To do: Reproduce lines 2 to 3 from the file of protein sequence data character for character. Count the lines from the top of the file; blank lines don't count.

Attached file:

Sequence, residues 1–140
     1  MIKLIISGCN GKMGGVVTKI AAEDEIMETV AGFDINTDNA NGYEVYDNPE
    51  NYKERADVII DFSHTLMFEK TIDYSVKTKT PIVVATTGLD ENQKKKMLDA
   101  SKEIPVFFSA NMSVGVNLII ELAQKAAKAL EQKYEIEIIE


     1  MIKLIISGCN GKMGGVVTKI AAEDEIMETV AGFDINTDNA NGYEVYDNPE
    51  NYKERADVII DFSHTLMFEK TIDYSVKTKT PIVVATTGLD ENQKKKMLDA